[Lisa] And then I started doing my research and realizing, "Oh! This is actually quite commonplace in Texas," because at the time, we had a system for grand juror selection called "pick-a-pal," where a judge could pick anybody, a friend, let's say, and then tell the friend, "Hey, Joe, go out and find me some grand jurors."
And so often what you would get is older, more conservative, law enforcement-friendly people, and often cops. [chuckles]
[Brian] The foreperson says, "So, tell the truth!
And she says, "Yes, he was there. He was home."
So, even in the face of the badgering and the threatening, she holds firm to the truth.
Rizzo says, "I think you're up to your neck involved in this deal."
Then there's a break that occurred during this testimony.
She got put into a locked room, and Rizzo threatened her.
[Ericka] He talkin' about,, "I'm gonna take your kids from you."
I think he knew that was my pressure point.
"I'm gonna take your kids away, I'm gonna lock you up."
You're trying to make me a co-defendant.
That means I'm gonna get charged as an accessory, that's capital murder on me too, that's a chance that I could get a needle in my arm.
I know that's what "co-defendant" means.
What are you supposed to do if you're Ericka Dockery there?
You don't have money for a lawyer, you are in a hornet's nest, you want to get out.
She comes back, and she adjusts her story just a little.
More to their liking, but not quite.
She is then arrested and charged with perjury, and she's locked up.
[Ericka] At that time, I was 26 or 27, you're trying to give me 30 years.
I haven't even been on this earth 30 years.
How the hell are you gonna try to do this?
[Dewayne] The first three months I stayed in county jail, Ericka, she was coming up there every day.
After those first three months, my mom started coming, and she came, like, a week straight.
So, I'm like, "Where is Ericka?"
That's when she told me they'd locked her up and charged her with three counts of perjury.
I'm like, "For what? What's she lied about?"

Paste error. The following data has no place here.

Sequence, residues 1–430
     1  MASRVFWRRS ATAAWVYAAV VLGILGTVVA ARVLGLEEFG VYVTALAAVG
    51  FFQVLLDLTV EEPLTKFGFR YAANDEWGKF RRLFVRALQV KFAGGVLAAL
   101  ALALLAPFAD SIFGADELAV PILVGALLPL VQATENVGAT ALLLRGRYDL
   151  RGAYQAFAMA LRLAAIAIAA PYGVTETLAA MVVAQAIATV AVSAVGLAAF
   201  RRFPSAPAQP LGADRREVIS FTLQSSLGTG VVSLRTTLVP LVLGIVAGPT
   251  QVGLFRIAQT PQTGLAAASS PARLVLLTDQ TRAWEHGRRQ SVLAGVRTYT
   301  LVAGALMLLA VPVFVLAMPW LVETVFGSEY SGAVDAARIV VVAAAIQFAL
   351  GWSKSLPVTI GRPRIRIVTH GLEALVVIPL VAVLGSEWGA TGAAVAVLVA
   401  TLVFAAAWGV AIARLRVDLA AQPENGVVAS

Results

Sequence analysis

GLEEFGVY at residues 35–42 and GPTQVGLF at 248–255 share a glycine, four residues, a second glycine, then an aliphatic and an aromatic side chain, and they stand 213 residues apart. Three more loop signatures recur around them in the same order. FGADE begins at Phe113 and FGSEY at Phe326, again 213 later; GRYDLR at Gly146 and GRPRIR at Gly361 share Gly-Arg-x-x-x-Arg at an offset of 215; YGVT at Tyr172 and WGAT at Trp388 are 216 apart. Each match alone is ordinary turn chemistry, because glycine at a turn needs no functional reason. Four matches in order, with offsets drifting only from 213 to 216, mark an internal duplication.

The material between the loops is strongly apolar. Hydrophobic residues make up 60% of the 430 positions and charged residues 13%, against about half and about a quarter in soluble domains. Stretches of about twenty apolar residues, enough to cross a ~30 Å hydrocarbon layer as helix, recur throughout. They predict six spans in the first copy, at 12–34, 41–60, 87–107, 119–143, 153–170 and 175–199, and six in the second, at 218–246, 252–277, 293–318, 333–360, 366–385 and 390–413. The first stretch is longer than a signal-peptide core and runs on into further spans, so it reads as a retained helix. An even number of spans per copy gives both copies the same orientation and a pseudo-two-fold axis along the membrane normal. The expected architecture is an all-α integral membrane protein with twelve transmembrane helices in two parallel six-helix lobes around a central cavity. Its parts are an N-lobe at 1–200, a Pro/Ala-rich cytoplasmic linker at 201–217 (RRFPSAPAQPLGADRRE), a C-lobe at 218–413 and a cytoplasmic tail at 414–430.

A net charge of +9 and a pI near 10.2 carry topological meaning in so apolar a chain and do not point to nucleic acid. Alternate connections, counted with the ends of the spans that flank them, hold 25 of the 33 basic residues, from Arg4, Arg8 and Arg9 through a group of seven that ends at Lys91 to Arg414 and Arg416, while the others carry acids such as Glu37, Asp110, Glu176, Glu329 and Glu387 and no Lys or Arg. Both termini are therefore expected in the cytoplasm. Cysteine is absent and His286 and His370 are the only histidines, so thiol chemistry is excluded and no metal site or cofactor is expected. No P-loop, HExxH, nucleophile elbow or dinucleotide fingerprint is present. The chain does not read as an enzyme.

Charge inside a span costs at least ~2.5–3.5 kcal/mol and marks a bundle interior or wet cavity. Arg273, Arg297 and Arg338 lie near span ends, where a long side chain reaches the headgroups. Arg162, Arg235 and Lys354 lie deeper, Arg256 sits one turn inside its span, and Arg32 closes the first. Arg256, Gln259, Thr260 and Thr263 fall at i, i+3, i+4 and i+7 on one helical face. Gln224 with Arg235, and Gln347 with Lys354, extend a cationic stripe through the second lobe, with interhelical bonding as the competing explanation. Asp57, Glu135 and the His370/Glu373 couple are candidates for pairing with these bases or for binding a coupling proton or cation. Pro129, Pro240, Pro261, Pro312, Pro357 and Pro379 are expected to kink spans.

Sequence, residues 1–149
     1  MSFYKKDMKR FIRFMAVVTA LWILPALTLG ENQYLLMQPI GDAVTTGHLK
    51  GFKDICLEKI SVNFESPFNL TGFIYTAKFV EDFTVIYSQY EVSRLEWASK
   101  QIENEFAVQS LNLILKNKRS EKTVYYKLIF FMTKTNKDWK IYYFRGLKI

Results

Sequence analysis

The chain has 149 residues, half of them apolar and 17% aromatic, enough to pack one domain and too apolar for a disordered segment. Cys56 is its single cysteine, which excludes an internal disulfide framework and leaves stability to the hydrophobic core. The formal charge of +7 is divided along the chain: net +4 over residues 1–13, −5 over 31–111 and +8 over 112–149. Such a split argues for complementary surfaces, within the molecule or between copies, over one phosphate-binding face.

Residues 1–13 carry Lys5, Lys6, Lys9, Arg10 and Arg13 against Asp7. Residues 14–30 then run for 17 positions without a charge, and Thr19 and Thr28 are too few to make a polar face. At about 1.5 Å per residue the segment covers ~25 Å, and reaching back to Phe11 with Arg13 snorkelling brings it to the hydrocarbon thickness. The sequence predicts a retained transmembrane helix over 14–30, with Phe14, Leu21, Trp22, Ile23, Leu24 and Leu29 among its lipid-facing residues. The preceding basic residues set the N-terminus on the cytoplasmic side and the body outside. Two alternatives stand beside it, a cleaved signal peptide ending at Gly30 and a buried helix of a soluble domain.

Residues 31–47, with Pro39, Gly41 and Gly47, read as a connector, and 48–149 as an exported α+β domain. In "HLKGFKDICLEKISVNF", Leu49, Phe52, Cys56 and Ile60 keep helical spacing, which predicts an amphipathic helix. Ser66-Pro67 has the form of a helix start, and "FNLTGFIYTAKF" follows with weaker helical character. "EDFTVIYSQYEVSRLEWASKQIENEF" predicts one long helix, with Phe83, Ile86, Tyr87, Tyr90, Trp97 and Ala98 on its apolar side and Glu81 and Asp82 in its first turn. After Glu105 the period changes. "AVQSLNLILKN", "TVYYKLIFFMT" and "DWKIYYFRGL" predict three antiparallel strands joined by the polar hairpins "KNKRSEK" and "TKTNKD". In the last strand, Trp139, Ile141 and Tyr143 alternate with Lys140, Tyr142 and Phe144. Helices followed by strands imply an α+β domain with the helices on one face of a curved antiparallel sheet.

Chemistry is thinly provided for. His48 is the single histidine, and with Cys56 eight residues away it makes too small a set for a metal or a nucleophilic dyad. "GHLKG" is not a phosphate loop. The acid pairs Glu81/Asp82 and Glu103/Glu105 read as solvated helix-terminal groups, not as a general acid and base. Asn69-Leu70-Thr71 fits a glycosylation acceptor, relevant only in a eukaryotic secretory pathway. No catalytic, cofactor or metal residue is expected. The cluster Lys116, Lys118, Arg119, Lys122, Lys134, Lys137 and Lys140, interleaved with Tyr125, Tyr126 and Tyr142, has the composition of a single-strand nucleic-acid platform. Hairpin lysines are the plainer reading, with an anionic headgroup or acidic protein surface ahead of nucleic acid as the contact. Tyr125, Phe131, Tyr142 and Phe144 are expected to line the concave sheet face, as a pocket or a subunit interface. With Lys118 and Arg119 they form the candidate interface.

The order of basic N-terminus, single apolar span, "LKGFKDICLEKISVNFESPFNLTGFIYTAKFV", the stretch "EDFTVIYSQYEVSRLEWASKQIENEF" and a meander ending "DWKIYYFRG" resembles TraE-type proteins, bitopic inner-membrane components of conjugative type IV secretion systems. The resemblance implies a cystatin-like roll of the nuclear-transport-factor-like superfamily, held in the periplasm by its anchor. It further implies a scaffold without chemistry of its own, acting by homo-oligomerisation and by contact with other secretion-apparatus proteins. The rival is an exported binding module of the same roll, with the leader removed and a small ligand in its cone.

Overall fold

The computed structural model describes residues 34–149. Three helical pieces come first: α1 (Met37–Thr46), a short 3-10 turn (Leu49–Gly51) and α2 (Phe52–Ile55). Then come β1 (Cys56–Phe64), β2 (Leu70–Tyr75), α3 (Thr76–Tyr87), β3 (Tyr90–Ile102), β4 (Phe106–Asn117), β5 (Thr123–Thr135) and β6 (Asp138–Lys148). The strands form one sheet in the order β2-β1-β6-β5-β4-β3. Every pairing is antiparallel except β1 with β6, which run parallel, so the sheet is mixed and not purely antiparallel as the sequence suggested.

[Ericka] I couldn't remember what time I left home.
So, in my statement that I gave them at the police, it was a different time than I gave them at the grand jury.
I couldn't remember.
[Brian] She sits in jail for four months, loses her job, her cousin Reginald was taking care of her kids.
[Reginald] I continue running like she was still there.
The girls have gotta get ready for school, they've gotta eat, I've gotta do my job.
[Ericka] Sitting behind bars, I was so eager to get out because I wanted my babies.
I didn't want them to grow up without their mom.
Her life just in an instant falls apart because Dan Rizzo had the power and the ability to do that.
We have later found out that he confided in other DAs at the time that his tactic in this case was to squeeze Ericka.
And it worked.
[Ericka] People can say... what they want to say.
But until you go through something traumatic, you don't know what you're gonna do, you don't know how you're gonna be.
It's a lot of days I contemplated hurting myself.
I really started thinking, "What is it that I need to do to fix this, to get myself out this situation?"
[Lisa] At some point, she writes the judge and just tells him how awful this jail is and how much she misses her children and that she'll basically just do anything to get out of there.
[Reginald] They broke her.